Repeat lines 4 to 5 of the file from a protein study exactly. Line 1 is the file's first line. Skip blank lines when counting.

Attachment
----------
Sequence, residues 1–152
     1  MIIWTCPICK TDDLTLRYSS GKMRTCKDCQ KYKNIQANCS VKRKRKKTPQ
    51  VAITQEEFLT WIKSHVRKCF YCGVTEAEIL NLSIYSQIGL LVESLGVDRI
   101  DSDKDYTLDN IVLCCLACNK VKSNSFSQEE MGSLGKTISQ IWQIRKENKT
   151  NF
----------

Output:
   101  DSDKDYTLDN IVLCCLACNK VKSNSFSQEE MGSLGKTISQ IWQIRKENKT
   151  NF